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'Every little helps' Telford shopkeeper to throw in the towel

Telford | News | Published:

A Madeley shopkeeper is selling up after more than 20 years because she says she is fed up with the impact of the new Tesco superstore which officially opened a year ago as the centrepiece of a flagship scheme to regenerate the core of the town. A Madeley shopkeeper is selling up after more than 20 years because she says she is fed up with the impact of the new Tesco superstore which officially opened a year ago as the centrepiece of a flagship scheme to regenerate the core of the town. Mrs Julia Moore, who runs Moore's grocers at Hill Top with husband Adrian, said: "We have reduced the price of the shop. We are definitely selling up. "To be honest with you we are just fed up of Tesco's, and fed up that the council has allowed such a store when there are six or eight little local shops to support the community. We have been supporting the community for the last 24 years, and some of the others have been here longer. They should not have allowed it. "It's devastated us as a business. We're not doing too badly, although I've had to let a couple of staff go. The shop still earns its keep - it's us as people who are fed up. "We go and sit in the Tesco car park and watch all the customers who used to come in to us go in and out of there all the time."

A Madeley shopkeeper is selling up after more than 20 years because she says she is fed up with the impact of the new Tesco superstore which officially opened a year ago as the centrepiece of a flagship scheme to regenerate the core of the town.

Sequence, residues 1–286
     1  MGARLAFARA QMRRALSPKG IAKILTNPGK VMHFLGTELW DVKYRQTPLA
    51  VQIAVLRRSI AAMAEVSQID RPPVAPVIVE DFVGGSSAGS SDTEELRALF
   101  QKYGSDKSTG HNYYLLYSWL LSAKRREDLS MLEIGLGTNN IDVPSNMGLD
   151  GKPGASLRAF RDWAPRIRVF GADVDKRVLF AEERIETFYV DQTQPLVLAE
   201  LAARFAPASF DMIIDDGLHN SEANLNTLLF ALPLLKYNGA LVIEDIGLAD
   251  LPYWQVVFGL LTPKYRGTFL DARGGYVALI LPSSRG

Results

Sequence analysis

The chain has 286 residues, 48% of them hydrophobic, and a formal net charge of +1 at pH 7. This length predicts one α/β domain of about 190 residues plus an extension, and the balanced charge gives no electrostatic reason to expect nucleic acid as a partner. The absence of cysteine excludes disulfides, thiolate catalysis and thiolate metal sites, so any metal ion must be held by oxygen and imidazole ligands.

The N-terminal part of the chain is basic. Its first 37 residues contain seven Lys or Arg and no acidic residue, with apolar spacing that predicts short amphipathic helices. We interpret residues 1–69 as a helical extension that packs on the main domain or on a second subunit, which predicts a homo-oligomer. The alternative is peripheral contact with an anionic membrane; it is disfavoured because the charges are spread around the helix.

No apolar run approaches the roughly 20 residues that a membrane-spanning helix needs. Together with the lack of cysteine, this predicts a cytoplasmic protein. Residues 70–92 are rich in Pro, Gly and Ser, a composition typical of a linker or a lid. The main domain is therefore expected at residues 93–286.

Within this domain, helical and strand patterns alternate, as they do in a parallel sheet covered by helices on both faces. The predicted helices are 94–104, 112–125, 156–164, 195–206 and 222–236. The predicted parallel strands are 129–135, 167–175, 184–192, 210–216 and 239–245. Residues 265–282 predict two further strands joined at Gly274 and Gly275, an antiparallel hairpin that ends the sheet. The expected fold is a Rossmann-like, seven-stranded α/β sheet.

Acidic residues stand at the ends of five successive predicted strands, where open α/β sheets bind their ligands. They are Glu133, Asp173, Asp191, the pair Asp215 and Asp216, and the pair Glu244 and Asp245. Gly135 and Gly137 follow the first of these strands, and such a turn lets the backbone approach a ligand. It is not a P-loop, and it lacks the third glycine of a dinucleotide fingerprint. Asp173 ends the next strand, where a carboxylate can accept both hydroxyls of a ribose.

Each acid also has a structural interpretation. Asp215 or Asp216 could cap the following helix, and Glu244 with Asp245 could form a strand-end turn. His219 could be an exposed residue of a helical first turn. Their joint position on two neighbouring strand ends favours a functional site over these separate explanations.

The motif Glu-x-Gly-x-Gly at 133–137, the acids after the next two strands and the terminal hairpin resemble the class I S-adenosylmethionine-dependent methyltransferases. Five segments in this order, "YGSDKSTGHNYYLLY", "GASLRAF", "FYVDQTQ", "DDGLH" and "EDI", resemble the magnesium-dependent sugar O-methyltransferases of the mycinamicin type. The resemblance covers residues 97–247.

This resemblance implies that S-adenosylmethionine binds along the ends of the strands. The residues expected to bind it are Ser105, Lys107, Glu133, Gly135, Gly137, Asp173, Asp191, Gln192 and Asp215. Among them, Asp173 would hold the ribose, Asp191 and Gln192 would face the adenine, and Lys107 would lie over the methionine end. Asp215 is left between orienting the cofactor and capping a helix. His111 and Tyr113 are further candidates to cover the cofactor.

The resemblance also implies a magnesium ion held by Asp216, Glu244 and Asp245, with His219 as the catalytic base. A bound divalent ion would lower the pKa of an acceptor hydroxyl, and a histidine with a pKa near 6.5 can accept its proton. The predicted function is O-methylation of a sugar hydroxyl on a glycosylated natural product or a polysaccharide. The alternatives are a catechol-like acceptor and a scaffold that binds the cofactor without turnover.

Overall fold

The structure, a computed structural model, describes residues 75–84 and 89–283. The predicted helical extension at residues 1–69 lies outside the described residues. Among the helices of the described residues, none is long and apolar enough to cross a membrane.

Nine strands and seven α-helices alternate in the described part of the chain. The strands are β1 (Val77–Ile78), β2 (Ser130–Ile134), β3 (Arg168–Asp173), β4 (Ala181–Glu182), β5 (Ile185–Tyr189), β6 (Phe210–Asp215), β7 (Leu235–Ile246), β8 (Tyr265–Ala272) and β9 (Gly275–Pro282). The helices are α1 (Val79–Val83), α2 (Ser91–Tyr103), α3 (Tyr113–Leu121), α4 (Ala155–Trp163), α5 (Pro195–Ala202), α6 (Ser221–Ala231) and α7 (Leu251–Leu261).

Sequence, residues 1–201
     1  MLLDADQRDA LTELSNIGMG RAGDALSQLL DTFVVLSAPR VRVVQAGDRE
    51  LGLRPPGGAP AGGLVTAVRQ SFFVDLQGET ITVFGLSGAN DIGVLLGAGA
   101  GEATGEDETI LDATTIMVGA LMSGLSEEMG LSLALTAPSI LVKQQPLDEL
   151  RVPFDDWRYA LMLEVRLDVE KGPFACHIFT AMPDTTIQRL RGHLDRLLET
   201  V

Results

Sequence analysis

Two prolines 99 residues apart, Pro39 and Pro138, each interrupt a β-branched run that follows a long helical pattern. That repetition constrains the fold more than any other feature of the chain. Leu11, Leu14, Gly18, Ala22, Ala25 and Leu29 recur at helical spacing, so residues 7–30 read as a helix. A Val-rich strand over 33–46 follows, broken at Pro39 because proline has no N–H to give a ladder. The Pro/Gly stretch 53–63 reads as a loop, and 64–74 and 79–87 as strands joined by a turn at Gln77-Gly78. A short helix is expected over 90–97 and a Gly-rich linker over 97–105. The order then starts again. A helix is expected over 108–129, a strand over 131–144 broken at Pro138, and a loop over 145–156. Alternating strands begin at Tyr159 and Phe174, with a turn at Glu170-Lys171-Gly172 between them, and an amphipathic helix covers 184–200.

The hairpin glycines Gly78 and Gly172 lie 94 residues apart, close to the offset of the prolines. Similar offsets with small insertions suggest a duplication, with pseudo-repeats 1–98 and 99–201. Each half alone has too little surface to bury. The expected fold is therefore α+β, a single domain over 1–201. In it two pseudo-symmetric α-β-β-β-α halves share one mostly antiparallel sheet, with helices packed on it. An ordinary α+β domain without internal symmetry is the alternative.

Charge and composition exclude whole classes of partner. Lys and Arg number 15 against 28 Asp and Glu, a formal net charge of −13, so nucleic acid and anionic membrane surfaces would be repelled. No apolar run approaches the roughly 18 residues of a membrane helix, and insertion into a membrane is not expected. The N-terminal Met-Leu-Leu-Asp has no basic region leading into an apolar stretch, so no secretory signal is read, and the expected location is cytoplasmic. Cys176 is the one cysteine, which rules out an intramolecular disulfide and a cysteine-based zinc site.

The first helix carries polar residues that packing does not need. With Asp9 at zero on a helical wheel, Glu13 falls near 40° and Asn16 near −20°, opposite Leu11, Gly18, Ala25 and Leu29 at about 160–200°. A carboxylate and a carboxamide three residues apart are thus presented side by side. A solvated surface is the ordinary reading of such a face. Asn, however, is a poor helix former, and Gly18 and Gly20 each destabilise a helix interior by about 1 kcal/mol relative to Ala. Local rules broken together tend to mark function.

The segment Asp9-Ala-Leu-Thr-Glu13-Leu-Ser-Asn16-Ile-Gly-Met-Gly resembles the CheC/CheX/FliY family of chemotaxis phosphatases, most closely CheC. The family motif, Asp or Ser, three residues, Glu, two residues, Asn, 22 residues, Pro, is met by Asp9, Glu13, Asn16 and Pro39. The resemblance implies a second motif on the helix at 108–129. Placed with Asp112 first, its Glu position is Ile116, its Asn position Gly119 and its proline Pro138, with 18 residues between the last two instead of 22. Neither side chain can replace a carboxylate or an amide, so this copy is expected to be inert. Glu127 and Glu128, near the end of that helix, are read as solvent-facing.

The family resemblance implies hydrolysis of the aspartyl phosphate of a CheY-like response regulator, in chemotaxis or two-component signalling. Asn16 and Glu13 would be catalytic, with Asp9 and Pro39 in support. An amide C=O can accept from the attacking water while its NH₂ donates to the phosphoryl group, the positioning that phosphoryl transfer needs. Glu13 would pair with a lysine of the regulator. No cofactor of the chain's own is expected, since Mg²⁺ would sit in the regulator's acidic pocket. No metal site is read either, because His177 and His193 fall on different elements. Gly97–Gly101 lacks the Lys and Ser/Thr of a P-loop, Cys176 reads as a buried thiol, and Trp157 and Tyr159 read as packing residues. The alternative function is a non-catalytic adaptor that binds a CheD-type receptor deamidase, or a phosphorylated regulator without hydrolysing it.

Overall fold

Mrs Julia Moore, who runs Moore's grocers at Hill Top with husband Adrian, said: "We have reduced the price of the shop. We are definitely selling up.

"To be honest with you we are just fed up of Tesco's, and fed up that the council has allowed such a store when there are six or eight little local shops to support the community. We have been supporting the community for the last 24 years, and some of the others have been here longer. They should not have allowed it.

"It's devastated us as a business. We're not doing too badly, although I've had to let a couple of staff go. The shop still earns its keep - it's us as people who are fed up.

"We go and sit in the Tesco car park and watch all the customers who used to come in to us go in and out of there all the time."

She added: "They have to shop with their purse. You can't blame them, but it doesn't help a small shop trying to survive.

Asked about future plans she said, laughing: "Work for Tesco's!".

She added: "It depends if the business sells. It doesn't have to be a grocery store. There's a wonderful big bungalow out the back and a lot of land."

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